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by Stephen Downes
October 2, 2007

In the Heat of Mocking a Killing Bird
I struggle through Lanny Arvan's posts because he takes a very long time to get to the point (and sometimes never does). I know there's a lot going on in his thinking, but I don't always want all of it when he wants to say something. That said, sometimes the style works very well, at times when it's important to bring disparate threads together. And you can find the point in there, eventually, that in order to teach one thing using role playing with technology, "we have to be overtly about some other use of role playing with technology or some other use of the technology itself." The misdirection - what Larry Pausch described as the 'head fake' in his farewell lecture - is depicted as essential to the teaching of difficult social issues such as racism. Now this may be true - but the much more interesting question is why. This, I think has to do with learning being about experiencing, not telling, and it has to do with education being about what interests the student, not the teacher. I wish Lanny Arvan had explored these. But - in this case - I think it was rather more important that he took the circuitous route he does to get there. Because we need to understand the experience - he is learning too. And that, in its own way, is what today's newsletter is all about. Lanny Arvan, Lanny on Learning Technology October 2, 2007 [Link] [Tags: , ] [Comment]

Debray On the Mediasphere
Interesting diagram describing three types of mediasphere: the logosphere (writing), the graphosphere (printing), and the videosphere (audio-visual). I, of course, have my own column, which I reproduce here (attach to the right of the other three columns:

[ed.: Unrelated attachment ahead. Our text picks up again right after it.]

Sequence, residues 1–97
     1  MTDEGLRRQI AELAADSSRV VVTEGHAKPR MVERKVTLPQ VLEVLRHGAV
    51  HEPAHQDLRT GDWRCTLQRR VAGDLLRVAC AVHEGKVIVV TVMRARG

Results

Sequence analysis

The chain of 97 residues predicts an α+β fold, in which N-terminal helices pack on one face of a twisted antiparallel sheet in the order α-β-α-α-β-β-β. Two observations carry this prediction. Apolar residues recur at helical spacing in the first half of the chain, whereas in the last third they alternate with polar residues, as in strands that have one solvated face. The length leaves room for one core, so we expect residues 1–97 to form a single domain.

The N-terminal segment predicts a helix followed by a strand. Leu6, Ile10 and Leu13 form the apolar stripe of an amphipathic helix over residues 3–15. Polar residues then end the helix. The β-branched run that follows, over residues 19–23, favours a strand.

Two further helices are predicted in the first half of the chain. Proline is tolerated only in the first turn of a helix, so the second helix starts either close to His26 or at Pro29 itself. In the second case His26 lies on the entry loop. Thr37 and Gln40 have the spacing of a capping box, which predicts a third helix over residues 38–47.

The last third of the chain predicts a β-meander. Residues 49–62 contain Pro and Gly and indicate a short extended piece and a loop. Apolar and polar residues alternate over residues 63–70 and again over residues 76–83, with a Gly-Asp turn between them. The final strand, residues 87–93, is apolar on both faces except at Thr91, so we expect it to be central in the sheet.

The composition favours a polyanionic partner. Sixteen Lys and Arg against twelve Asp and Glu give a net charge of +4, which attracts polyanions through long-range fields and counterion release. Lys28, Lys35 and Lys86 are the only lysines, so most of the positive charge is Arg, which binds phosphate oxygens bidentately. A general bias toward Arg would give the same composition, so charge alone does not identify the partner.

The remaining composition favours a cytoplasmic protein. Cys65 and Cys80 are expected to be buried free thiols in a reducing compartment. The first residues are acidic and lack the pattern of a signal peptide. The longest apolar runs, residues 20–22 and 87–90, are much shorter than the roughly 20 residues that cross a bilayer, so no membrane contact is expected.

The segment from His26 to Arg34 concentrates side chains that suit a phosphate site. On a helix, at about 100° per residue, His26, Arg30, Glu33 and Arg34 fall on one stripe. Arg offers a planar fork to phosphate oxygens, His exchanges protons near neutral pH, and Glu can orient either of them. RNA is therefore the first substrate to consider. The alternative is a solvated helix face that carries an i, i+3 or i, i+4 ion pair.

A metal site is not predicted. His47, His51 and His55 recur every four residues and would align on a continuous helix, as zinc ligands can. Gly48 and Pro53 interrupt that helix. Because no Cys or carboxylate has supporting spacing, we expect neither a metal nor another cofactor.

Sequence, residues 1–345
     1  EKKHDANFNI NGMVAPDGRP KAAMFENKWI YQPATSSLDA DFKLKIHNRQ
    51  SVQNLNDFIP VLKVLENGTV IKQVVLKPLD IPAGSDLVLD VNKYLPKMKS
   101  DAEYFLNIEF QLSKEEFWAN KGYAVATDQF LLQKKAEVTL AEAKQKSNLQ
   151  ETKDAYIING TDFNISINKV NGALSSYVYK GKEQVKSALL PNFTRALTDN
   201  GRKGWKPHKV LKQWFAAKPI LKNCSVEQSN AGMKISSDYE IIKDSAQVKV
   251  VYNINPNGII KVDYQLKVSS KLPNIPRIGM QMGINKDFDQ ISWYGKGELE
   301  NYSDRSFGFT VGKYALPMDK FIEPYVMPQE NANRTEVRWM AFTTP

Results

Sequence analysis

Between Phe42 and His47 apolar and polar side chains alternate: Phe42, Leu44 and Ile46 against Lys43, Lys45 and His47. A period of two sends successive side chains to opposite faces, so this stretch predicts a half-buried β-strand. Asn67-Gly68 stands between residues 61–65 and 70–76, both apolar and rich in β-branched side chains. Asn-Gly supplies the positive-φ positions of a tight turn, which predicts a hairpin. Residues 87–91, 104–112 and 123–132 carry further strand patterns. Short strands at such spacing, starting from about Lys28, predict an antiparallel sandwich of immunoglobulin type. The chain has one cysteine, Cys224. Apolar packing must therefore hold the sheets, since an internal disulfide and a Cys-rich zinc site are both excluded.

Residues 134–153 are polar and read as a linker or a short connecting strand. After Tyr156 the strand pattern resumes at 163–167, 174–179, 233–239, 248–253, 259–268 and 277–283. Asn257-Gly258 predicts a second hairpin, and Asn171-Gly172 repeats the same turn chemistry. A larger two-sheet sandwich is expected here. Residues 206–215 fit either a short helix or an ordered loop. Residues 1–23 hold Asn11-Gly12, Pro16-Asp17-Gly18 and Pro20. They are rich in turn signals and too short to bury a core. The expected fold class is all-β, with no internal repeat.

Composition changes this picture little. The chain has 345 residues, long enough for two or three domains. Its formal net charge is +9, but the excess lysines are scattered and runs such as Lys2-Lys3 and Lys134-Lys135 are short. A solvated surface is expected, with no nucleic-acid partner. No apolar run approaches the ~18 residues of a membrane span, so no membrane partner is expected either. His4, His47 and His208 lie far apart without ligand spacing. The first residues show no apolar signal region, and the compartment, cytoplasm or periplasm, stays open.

Group ideal: pattern (network, community)
Figure of time: flow (the river)
Canonical generation: the next generation (signifying change)
Spiritual class: hackers (creators, programmers, writers, rebels)
Legitimating reference: The connected (because it's worth sharing)
Driving force: recognition (connectivism)
Status of the individual: Creator (to be followed)
Identifying myth: the meme (eg. One Red Paperclip)
Maxim for personal authority: 'it was recommended' (Amazon reviews, Google PageRank, etc)
Basis of Symbolic Authority: the wisdom of crowds (the emergent)
Subjective centre of gravity: the mind/brain (neural network)
John Connell, Weblog October 2, 2007 [Link] [Tags: , , , , , ] [Comment]

E-Learning Showcase
After listing new applications daily for a few months, Jane Hart is also listing e-learning 'solutions' that she has run across. This could be really interesting if it were run as a regular feature (though that said my experience from running the NAWeb Awards is that most e-learning is behind a login wall, safely hidden from critical eyes). Of course, if she were to post examples of e-learning on anything like a regular basis, she could well experience the application fatigue that is no doubt beginning to colour her Web 2.0 application perspective. When someone introduces a new product as "Yet another new launch. This one is an instructional video site. This is how they describe themselves..." can cynicism be far behind? Jane Hart, Jane's E-Learning Pick of the Day October 2, 2007 [Link] [Tags: , , , ] [Comment]